Inducted to the Walk of Fame on September 9, 1986 with 1 star. Comments
Quick Facts
Born:
April 6,
Joplin, Missouri, USA
Education:
University of ok, OK
Ethnicity:
Caucasian
Time Capsule:
View Time Capsule Image

William Dennis Weaver was an American actor, best known for his work in television, including roles on Gunsmoke, as Marshal Sam McCloud on the NBC police drama McCloud, and the 1971 TV movie Duel.

Weaver was born in Joplin, Missouri, the son of Lena Prather and Walter Weaver, of Irish, Scottish, English, Cherokee and Osage ancestry. He wanted to be an actor from boyhood. He started college at Joplin Junior College, now Missouri Southern State University and later attended the University of Oklahoma at Norman, where he studied drama and also was a track star, setting records in several events. He served as a pilot in the United States Navy during the Second World War. In 1945, he married Gerry Stowell, with whom he had three children. In 1948, he tried out for the U.S. Olympic team in the decathlon. After he finished sixth in the Olympic Trials, his college friend Lonny Chapman convinced him to come to New York City to try acting. Weaver later said "I did so poorly, I decided . stay in New York and try acting."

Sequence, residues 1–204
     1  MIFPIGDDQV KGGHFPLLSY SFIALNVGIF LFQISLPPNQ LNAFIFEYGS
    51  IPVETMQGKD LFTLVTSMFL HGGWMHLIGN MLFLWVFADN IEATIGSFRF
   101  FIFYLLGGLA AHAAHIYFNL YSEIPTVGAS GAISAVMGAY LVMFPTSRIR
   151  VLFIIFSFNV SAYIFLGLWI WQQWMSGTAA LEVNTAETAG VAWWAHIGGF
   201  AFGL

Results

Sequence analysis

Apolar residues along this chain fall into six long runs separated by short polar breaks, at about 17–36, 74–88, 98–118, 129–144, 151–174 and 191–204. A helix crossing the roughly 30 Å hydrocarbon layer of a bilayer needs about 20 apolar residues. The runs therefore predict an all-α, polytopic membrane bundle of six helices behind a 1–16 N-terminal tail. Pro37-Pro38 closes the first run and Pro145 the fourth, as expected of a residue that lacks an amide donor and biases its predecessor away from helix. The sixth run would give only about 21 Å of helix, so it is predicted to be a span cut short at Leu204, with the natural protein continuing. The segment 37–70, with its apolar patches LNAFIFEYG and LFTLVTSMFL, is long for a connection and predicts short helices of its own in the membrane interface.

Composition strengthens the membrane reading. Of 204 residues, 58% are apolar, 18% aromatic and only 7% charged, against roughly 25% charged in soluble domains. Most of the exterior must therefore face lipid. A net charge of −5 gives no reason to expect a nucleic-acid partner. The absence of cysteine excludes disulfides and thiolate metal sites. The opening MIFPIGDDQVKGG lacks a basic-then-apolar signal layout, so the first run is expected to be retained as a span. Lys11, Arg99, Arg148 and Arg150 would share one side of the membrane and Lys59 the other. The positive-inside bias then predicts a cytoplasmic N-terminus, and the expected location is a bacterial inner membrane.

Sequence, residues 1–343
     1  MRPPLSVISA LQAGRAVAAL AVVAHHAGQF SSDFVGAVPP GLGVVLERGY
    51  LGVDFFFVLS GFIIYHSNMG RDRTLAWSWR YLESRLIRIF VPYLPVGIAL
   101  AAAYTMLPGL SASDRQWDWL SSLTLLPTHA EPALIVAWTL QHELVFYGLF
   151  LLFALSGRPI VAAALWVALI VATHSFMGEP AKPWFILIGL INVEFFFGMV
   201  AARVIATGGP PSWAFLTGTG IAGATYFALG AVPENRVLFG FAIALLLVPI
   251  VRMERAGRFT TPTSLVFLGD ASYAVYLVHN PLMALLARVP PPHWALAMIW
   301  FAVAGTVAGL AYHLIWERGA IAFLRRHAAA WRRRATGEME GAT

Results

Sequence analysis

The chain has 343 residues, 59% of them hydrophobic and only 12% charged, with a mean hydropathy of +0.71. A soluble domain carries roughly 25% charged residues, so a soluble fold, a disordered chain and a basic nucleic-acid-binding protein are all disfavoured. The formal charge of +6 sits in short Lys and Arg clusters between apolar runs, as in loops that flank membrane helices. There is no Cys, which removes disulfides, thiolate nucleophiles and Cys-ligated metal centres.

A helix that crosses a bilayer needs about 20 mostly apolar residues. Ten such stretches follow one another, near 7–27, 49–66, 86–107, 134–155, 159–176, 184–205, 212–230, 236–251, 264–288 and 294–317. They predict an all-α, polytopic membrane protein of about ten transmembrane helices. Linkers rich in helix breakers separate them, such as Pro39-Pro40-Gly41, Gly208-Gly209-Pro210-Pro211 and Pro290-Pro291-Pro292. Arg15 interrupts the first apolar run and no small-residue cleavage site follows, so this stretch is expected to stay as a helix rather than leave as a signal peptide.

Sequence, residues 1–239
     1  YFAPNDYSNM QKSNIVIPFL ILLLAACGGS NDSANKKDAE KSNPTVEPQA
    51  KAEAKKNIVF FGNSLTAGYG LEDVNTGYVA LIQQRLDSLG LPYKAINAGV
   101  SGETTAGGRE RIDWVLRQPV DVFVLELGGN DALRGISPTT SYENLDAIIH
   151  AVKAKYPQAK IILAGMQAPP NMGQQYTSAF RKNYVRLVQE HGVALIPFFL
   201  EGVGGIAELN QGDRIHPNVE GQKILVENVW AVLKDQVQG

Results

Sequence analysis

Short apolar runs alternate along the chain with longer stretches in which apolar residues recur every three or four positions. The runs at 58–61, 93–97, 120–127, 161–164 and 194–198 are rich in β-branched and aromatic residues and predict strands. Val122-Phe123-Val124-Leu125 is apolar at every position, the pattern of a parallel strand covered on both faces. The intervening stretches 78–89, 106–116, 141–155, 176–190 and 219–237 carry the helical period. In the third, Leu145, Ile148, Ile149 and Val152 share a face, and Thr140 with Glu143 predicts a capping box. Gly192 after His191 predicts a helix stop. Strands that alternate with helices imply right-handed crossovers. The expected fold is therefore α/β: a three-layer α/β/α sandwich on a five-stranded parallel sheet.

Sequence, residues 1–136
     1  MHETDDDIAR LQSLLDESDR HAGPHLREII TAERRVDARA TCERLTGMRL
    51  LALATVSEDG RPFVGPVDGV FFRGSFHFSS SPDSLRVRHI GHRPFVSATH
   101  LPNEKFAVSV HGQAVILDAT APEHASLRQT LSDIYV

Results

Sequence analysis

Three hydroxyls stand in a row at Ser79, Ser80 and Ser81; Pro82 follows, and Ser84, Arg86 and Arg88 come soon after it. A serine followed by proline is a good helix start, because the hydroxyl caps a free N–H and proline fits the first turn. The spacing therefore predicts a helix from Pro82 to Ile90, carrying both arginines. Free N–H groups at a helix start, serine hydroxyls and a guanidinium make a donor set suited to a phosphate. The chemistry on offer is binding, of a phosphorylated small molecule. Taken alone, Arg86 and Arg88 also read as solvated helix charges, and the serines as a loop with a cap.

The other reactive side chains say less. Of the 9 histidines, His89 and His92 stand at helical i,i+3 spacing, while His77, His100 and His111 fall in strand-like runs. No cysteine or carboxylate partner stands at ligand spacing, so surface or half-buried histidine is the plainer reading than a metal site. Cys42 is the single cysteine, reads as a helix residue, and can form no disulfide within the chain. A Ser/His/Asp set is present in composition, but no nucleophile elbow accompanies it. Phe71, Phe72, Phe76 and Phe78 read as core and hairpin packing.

Weaver's first role on Broadway came as an understudy to Chapman as Turk Fisher in Come Back, Little Sheba. He eventually took over the role from Chapman in the national touring company. Solidifying his choice to become an actor, Weaver enrolled in The Actors Studio, where he met Shelley Winters. In the beginning of his acting career, he supported his family by doing a number of odd jobs, including selling vacuum cleaners, tricycles and women's hosiery.

In 1952, Winters aided him in getting a contract from Universal Studios. He made his film debut that same year in the movie The Redhead from Wyoming. Over the next three years, he played roles in a series of movies, but still had to work odd jobs to support his family. It was while delivering flowers that he heard he had landed his biggest break

comments powered by Disqus